Recently, I finished listening to Chang-rae Lee's Aloft. Lee, known for his depictions of Korean Americans, has an interesting protagonist here, an Italian-American, retired landscape company owning, Long Islander named Jerry Battle. Jerry is the patriarch of a family that includes his elderly father and his children from his marriage to a Korean woman (now deceased) named Daisy, Jack, who is slowly running the family business into the ground and Theresa, a graduate student about to marry an Asian American writer. Also playing a big role in the family is Jerry's long-time girlfriend, Rita a Puerto Rican nurse.
Jerry is retired from Battle Brothers landscaping and spends his time working part-time at the local travel agency and flying in his private plane. But Jerry is not a model father, husband, or boyfriend. He is not terrible either. Actually, this is the main problem in Jerry's life and the source of all of the problems plaguing his relationships with family and friends. Jerry has always avoided confrontations and hides his true feelings. At 59 he is in danger of drifting away from everyone and everything that has meaning in his life.
And then, tough circumstances bring his daughter and her fiance back East to live at home. And so the catalyst is introduced to this equation and Jerry's life begins to move forward for the first time in years, but not without problems, setbacks, and heartache. Jerry is forced to deal with life and all of its problems head on, but he is also able to reap the rewards of a life fully lived with feet firmly on the ground.
The appeal of this book lies in a few distinct area. First, there is no question that Lee is a fantastic writer. This book moves fluidly along. It has graceful and moving passages, it has times of reflection, it has action scenes, and Lee easily holds it all together in a moving and steadily building story. Just when the plot could drag, Lee introduces enough drama to keep you turning the pages, or in my case, listening to a few more tracks.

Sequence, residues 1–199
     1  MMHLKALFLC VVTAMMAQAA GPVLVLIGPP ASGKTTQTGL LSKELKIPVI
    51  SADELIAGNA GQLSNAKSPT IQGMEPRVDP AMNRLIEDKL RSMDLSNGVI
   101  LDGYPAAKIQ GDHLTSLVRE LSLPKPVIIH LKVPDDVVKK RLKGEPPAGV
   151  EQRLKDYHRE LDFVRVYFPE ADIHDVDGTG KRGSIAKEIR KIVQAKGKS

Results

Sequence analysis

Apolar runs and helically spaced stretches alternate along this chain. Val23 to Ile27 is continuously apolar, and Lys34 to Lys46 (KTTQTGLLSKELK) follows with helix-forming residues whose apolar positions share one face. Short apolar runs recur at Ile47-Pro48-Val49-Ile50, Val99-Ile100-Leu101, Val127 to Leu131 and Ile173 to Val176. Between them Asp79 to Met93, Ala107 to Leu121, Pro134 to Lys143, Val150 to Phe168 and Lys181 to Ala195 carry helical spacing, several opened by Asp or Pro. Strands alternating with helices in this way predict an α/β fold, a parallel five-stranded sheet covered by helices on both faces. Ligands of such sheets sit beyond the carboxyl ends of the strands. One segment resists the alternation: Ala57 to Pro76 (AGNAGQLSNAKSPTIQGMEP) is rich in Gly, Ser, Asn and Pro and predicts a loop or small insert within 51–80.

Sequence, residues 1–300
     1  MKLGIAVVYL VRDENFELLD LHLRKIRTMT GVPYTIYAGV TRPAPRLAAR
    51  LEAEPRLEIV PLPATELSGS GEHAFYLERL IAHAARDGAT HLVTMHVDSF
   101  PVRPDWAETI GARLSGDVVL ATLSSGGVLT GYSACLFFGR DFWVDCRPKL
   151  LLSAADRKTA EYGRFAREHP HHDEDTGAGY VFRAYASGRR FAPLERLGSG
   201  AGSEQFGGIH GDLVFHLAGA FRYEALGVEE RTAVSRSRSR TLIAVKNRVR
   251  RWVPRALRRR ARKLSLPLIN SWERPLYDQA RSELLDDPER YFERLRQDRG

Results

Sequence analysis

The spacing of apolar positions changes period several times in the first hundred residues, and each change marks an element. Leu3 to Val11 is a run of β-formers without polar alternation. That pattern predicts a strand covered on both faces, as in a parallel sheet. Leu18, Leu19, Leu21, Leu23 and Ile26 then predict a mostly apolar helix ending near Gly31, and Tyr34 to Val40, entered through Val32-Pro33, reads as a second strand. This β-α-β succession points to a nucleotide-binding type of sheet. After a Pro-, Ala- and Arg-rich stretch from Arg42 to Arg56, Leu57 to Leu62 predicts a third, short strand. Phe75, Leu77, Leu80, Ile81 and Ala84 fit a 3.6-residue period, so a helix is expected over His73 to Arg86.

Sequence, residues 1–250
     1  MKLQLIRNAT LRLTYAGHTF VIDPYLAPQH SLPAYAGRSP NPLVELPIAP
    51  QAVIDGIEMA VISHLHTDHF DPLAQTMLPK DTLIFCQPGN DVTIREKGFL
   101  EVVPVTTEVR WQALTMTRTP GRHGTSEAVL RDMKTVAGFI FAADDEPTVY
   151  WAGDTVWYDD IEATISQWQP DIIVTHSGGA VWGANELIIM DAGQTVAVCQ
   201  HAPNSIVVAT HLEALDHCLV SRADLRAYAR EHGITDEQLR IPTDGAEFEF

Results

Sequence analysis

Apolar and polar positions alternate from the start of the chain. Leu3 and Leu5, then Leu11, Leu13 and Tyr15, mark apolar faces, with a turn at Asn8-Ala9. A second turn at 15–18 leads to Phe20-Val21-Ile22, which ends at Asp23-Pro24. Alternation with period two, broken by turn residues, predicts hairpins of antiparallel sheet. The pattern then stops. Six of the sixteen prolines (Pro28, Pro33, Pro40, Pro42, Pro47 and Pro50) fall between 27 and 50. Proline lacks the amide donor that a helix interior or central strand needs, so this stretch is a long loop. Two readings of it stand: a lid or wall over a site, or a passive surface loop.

This is also a book for people who like a domestic-centered, character driven story. Here our main character is a complex, middle aged man sandwiched between his elderly father and his grown kids. He is having a minor mid-life crisis, but handling everything as it comes at him. Although he has made his share of missteps and his life is not without tragedy, he comes out the other side of the novel on the upswing; which in and of itself is refreshing for serious literary fiction. The ending is not all happy, I should warn you though, but it is a classic example of bittersweet.
There are also some great secondary characters like Jerry's powerful lawyer friend, the elderly Battle Brothers accountant, Jerry's cranky dad, Jerry's travel agent office mates, and Paul, Theresa's fiance, to name only a few.
Finally, you cannot overlook the appeal of the main theme of Aloft, which is interracial families and the multicultural blending of modern Americans. Jerry is the patriarch of an Italian-Korean-American family with a Puerto Rican girlfriend. Lee has Jerry ponder how he got to be the head of such a blended family and what it all means, if anything at all.
Three Words That Describe This Book: character-driven, compelling, interracial families
Readalikes: Showing its age, the reviews of this 2004 novel mention it as a readalike to the then popular, but now not so much, About Schmidt by Louis Begley. Begley's novel is worth a look for fans of Aloft who missed About Schmidt the first time around (or vice versa). John Updike's Rabbit novels were also mentioned by reviewers. Although I agree, I kept thinking more of Richard Ford's Bascombe trilogy and the novels of Richard Russo.
Specifically for Russo, I found Aloft very similar to Bridge of Sighs on many different levels. Click here to see what I said about Bridge of Sighs when I read it. I also listened to both novels and am pretty sure that they share the same reader, which may be influencing my suggestion here.
For a book with very similar themes but with younger protagonists, try The Corrections by Jonathan Franzen
Nonfiction about suburban sprawl (there is a lot about the history of the migration to the LI suburbs here), aviation, and interracial families (use the link to see suggestions of other titles too) could all be of interest to fans of Aloft.
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